A narrative is a story that is created in a constructive format (as a work of writing, speech, poetry, prose, pictures, song, motion pictures, video games, theater or dance) that describes a sequence of fictional or non-fictional events. It derives from the Latin verb narrare, which means "to recount" and is related to the adjective gnarus, meaning "knowing" or "skilled". - wikipeidaAnd so in this interesting list of narrative forms you, if you are a craftsman will see a glaring oversight... that of crafts. Are crafts a narrative expression? If you begin to understand that they are, it can change the way that they are viewed. It can change also the way we work as we ask, "what is the story here that I am trying to tell?" It is my contention that the physical realities engaged through the making of beautiful and useful objects is more vital, more sincere than those narrative forms dependent on written or spoken words alone. It is tragic that many viewers of crafts know too little of the creative language of form and technique to understand the narrative content. The story of how things are made is richly entertaining. And so it is with making a box. Like a poet, great playwright or novelist, a craftsman is also engaged in narration, revealing his or her own creative soul in material story form.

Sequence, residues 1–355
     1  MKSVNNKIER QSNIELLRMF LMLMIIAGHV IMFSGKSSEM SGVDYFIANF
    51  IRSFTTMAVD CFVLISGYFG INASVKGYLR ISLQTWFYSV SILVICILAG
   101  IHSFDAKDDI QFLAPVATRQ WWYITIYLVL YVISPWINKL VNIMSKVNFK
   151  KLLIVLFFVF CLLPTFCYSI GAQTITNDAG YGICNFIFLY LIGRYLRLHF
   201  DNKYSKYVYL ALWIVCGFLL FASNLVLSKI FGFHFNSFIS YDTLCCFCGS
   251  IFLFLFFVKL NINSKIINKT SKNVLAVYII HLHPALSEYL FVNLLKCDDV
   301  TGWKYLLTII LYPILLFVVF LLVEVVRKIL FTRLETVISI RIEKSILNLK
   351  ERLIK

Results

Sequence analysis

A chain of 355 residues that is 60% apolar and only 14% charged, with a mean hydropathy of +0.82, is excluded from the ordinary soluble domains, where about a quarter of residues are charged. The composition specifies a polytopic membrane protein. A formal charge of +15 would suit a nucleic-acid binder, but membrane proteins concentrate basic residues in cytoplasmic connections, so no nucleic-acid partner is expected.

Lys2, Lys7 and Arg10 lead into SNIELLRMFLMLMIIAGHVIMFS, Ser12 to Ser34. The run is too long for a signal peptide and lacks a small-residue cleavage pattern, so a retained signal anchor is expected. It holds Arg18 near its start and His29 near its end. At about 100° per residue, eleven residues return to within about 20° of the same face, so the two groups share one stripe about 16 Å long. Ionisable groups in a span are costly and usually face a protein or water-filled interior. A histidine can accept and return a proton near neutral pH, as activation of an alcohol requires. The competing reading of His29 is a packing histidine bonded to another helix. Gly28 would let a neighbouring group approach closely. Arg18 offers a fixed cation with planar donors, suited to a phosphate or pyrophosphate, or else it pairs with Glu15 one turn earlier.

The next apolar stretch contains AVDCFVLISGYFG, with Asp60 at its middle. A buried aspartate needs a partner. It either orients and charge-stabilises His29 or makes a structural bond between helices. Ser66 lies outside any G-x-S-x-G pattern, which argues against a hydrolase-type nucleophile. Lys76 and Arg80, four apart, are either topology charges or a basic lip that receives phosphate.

On another subject, Diane Ravitch has a new book out about education called the Death and Life of the Great American School. It is refreshing to see such intellectual honesty. As noted in a Time Magazine review, "It is always fascinating to see someone renounce previously held beliefs." Ravitch, as Assistant Secretary of Education had been a passionate supporter of charter schools, standardized testing and merit pay, but now offers a 180 degree contrary view to the current educational reform movement. As mentioned in the Time Magazine review, "such unabashed 180s are a rare sight both in politics--where an opinion once stated is by necessity an opinion forever defended--and in academia, which is only slightly less afflicted by the cult of the certain." Time gives Ravitch's new book a "read" rather than skim or toss rating.